The facilitators gathered the post-it notes and huddled at the front of the room, reading and whispering to each other. One announced, “We weren’t going to read these out, but there’s one that we want to know more about.” I knew what was coming. The facilitator continued reading, “Could the person who wrote ‘My body is 75% covered in tattoos’ explain how this will benefit our business?” Everyone in the room turned to look at me (it wasn’t half obvious who’s post-it it was). I had nothing to lose, so I stood proudly and stated that when clients see me walk into a room, they think they’ve hit the creative mother load. I instantly start conversations and challenge the status quo.
Little did I know, word of my cunning stunt spread like wildfire. Shortly after, I heard leadership were quite chuffed about my antics, especially as it had ‘gone viral’. A few weeks later, I was asked to make a video that global HR could use to promote diversity. And a short time after that, my work proved my value as a designer — and I realised the reason they hired me had everything to do with what I do, and nothing to do with my tattoos.
In case you’re wondering, I’m in the business of design. And although being a designer is seen as an acceptable reason to have visible tattoos, being heavily tattooed and working in the corporate world is no cake walk. And being a female in leadership and tattooed is even more challenging. I’ve been subject to judgement, stereotypes and the occasional stank-eye. I’m not always acknowledged as being as capable or experienced as I am. People assume I’m younger than my age (some side effects are pretty awesome!). I’ve been asked by receptionists to show my I.D. or security pass, even after walking past them for months. Working late at night, I’ve been asked to leave the building because I could not possibly be an employee. And I won’t bore you with the number of times I’ve been held up at border security — even carrying platinum status.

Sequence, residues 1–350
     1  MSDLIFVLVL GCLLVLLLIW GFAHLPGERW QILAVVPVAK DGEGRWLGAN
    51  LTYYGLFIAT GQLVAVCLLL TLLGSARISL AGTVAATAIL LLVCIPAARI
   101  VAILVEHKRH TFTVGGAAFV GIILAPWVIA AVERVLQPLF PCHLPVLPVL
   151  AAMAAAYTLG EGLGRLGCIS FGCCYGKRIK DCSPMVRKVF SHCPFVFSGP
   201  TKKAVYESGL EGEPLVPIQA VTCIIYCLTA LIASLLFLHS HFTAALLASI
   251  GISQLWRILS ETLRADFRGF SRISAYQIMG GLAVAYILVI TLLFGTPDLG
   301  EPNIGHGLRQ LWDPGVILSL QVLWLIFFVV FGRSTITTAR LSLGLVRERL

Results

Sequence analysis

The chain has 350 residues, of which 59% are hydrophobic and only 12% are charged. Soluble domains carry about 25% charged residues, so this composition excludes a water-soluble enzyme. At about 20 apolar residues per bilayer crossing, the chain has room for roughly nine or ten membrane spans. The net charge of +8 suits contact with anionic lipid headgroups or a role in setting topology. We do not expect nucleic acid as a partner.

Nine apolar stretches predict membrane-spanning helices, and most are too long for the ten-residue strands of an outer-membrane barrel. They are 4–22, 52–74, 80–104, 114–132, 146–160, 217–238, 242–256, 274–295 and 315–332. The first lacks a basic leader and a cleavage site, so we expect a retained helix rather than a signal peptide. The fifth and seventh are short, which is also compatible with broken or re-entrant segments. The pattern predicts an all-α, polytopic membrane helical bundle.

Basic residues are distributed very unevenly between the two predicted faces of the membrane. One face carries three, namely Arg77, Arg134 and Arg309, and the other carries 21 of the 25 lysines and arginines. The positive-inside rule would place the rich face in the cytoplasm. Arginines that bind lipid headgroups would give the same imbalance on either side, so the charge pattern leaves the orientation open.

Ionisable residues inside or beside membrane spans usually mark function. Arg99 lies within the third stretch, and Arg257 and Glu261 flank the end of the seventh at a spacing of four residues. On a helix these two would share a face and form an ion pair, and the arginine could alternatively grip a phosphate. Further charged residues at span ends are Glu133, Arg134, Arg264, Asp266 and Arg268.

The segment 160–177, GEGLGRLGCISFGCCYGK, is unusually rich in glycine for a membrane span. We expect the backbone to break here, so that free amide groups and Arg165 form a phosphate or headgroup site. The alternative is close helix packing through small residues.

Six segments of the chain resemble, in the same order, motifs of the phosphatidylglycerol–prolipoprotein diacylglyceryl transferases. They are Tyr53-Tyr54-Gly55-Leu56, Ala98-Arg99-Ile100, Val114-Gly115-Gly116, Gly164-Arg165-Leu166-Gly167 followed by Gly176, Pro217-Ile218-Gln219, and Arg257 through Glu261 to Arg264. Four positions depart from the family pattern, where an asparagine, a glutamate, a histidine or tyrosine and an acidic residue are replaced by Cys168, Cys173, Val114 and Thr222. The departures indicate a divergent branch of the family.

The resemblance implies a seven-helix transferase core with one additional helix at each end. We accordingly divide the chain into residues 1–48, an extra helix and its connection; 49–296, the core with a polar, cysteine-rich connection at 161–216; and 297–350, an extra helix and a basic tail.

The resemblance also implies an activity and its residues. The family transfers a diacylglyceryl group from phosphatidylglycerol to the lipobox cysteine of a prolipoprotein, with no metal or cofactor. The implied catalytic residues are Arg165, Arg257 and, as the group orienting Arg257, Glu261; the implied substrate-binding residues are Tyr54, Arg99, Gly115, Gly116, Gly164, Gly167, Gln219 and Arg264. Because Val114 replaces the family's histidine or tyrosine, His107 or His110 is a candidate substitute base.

But I’m sure those things happen to people with or without tattoos. Either way, ignorance and intolerance isn’t acceptable. Whilst there’s a lot of talk about what diversity means, there’s still a lot of work to be done. Ethnicity, gender, sexuality, religion or physical appearance are one way to view diversity, but another is as a mindset. The value and respect given to each employee’s individuality is a reflection of an organisation’s culture and business conduct.
Diversity and inclusion are the cornerstones of great culture, and great culture is critical to sustainable business success. It takes all sorts to achieve great things together, and we must encourage cultures which embraces a mix of backgrounds and soft skills to blaze a trail of thinking and acting differently that results in the kind of change we want to see in the world.
10 Reasons Why My Tattoos Are My Greatest Business Asset:
1. Instant creative credibility. If I had a dollar for every time I’ve been asked if I’m a designer (or tattooer) in an elevator, I’d be a millionaire.
2. I’m comfortable with being uncomfortable. Tattoos don’t tickle, and I’ve sat through more hours of tattooing than I care to remember. They’ve taught me to be comfortable with being uncomfortable.
3. I have creative confidence. I wear my heart on my sleeve — literally. I have a heart on my hand that is there to remind me that I continuously to grow creatively and to be confident in what I do.